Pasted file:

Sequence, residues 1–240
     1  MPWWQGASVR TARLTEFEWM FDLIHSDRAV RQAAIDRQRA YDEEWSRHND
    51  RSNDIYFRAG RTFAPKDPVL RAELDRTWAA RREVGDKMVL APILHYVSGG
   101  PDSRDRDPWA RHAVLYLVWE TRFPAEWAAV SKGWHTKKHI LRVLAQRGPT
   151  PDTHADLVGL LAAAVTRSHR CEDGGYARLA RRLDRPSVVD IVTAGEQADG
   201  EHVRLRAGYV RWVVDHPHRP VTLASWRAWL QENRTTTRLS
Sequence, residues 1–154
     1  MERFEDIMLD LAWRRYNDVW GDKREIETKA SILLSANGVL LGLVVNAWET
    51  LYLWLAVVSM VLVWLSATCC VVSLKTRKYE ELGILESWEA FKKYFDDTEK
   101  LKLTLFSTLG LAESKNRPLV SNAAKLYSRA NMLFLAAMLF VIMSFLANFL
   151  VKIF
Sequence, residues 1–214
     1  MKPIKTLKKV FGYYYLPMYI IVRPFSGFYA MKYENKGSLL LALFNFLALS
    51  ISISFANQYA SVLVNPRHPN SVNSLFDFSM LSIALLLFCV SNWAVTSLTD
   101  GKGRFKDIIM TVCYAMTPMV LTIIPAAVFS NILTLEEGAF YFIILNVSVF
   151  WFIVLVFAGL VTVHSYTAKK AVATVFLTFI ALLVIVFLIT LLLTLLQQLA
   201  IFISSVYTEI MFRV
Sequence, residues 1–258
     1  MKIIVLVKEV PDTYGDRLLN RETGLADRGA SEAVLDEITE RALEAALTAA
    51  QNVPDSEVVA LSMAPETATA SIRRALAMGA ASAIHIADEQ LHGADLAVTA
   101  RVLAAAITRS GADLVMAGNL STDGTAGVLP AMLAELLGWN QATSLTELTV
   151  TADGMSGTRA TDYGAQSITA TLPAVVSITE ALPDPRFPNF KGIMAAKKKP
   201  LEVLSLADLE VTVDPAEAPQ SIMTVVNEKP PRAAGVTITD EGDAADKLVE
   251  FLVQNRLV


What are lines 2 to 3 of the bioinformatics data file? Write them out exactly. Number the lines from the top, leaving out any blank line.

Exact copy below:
     1  MPWWQGASVR TARLTEFEWM FDLIHSDRAV RQAAIDRQRA YDEEWSRHND
    51  RSNDIYFRAG RTFAPKDPVL RAELDRTWAA RREVGDKMVL APILHYVSGG